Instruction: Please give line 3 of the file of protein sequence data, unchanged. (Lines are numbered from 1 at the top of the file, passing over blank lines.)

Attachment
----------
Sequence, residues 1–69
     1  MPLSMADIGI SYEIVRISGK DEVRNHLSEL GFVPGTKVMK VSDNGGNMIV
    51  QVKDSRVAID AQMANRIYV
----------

    51  QVKDSRVAID AQMANRIYV